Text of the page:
Easements are forever Easements, like diamonds, are forever. What you will be signing with Ameren will run with the land in perpetuity. When you sell the property, you will sell the land subject to the easement. When your children and grandchildren and great-grandchildren inherit the property, it will be inherited subject to the easement. Take a look around the next time you drive on the Illinois countryside and spot the powerlines. Those powerlines likely are sitting on easements that were purchased decades ago. The permanence of Ameren’s easement, therefore, demands your utmost attention and effort.

($20,000 for the taking + $38,000 in residue) Just compensation more than doubles if you are impacted just 10%. Some impacts may be more substantial. It should surprise no one that this is generally where the biggest debate takes place. Some companies wrongfully believe there is zero residual damage. Sever Storey, and the more than 40 clients it currently represents on this project, believe differently. This is not the only strategy that can be used to properly calculate just compensation for landowners. If you have poles on your property, other strategies exist that may substantially increase the amount of compensation that is constitutionally required to be paid. Compensation should be the landowner’s number one priority when faced with a powerline taking, but compensation is not the only area where landowners typically need guidance. Here are some of the more common questions we receive from landowners: • What is an “easement?” An easement is a written contract that permits a party to use a certain area of the property for a particular use. Perpetual easements last forever and stick with the property through transfers. • Can I still farm or perform other activities on the easement land? The answer to this is: it depends. Everything Ameren can or can’t do and the landowner can or can’t do on the easement land is wholly determined by what the easement says. Furthermore, the exact location of the easement is not what the Ameren land rep says or even the map attached to the easement. In fact, everything you need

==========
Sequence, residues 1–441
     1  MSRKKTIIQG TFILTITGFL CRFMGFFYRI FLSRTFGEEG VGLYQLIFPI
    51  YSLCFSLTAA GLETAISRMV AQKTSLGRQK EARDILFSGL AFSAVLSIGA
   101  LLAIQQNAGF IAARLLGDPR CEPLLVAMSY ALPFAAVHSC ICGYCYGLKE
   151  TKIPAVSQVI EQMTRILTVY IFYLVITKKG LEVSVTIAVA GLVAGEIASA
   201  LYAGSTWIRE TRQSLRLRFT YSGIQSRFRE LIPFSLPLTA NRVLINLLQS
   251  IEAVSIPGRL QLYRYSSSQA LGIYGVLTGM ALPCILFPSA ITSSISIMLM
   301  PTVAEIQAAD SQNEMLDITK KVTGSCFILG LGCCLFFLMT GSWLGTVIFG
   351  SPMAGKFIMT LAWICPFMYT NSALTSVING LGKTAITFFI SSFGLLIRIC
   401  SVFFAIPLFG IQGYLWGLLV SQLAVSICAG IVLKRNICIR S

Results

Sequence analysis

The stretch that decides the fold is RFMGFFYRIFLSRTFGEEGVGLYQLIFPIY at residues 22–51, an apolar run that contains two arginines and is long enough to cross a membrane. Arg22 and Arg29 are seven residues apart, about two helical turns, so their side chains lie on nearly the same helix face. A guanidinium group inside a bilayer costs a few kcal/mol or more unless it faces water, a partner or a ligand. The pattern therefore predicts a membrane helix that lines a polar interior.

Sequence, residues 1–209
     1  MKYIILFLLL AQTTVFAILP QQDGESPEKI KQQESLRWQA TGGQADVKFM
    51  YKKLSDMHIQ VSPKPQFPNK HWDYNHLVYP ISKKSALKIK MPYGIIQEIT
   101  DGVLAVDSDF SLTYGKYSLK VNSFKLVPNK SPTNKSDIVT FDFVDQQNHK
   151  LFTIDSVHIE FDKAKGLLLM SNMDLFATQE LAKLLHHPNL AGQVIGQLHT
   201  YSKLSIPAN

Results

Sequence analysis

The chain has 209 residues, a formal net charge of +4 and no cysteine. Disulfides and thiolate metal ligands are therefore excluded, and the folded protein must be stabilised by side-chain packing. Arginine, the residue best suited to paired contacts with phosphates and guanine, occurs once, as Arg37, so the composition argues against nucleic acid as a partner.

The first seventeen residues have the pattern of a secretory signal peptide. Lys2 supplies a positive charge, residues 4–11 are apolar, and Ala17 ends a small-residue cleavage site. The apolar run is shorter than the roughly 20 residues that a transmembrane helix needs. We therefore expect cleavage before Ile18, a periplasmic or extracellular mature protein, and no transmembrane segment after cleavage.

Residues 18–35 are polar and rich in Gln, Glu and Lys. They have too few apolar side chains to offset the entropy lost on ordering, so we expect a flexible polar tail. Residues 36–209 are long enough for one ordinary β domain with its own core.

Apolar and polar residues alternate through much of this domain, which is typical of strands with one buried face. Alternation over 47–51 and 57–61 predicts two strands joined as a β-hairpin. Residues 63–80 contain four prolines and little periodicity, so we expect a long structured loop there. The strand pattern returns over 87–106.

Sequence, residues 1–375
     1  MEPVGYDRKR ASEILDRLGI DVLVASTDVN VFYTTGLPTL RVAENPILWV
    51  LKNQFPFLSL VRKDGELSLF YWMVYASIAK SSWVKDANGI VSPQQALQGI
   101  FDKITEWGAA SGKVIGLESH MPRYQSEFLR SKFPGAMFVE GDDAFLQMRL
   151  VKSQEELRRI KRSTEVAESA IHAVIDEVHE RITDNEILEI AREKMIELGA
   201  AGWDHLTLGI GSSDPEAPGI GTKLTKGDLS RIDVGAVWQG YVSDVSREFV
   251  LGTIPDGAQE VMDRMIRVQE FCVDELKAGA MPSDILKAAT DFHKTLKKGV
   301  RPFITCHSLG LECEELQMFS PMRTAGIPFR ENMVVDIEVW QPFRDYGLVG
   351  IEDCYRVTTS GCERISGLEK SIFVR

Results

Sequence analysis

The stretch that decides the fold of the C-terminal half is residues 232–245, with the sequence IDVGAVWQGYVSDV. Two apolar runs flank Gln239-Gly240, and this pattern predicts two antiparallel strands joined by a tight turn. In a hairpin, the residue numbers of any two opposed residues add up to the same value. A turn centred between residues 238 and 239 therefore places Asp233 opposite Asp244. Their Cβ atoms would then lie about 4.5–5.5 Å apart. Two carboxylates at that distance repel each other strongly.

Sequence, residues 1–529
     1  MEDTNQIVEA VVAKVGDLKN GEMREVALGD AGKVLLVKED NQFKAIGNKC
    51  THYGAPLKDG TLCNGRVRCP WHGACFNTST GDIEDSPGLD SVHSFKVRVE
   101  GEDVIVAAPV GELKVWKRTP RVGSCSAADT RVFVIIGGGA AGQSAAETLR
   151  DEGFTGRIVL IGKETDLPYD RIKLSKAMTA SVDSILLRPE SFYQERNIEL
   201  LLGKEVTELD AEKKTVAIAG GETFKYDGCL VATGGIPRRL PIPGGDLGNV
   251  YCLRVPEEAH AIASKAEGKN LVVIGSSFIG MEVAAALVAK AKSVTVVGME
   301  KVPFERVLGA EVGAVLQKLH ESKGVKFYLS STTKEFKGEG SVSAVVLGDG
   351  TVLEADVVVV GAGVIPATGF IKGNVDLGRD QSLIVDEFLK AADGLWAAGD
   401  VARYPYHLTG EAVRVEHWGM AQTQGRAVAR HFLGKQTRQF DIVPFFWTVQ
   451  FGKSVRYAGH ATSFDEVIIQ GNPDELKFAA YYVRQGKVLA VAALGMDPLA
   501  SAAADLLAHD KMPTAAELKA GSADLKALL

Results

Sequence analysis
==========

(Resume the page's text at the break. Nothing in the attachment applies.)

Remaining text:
JORDAN WALKER, ESQ. PARTNERSEVER STOREY

to know as it pertains to parties’ rights, location, activities, etc., is detailed in the easement language. This is why it is paramount to read what you are signing. • What happens if the powerline will be coming close to my house? Quick answer: get paid for it. Powerline proximity to improvements and living structures often comes with a price. The calculations on residue damage we did earlier in this article apply to homes as well. In some cases the residue can be significant. Ameren may disagree, but the law permits otherwise. • How can I afford an attorney? Sever Storey operates on a contingency fee – meaning, we only get paid if we get you more than what you are offered. As a quick example, let’s say you are offered $30,000 for your property. After hiring us, we get you $90,000 total. Because we added $60,000 to the case, we collect a percentage of that $60,000 and distribute the remainder to the landowner. This is a stressful time for many landowners. Generational farmsteads are being threatened. A landowner has only one chance to make sure that they receive the compensation that they are constitutionally required to pay. Sever Storey is, and will continue to be, here to answer important questions for any landowners affected by the Illinois Rivers Project. We have two office locations in Chicago and Champaign to serve landowners throughout the state. If you have any questions please call me, Jordan Walker, at Sever Storey for a free consultation at 888-318-3761 or visit us on the Internet at www.Landownerattorneys.com or www. facebook.com/AmerenThreeRiversProject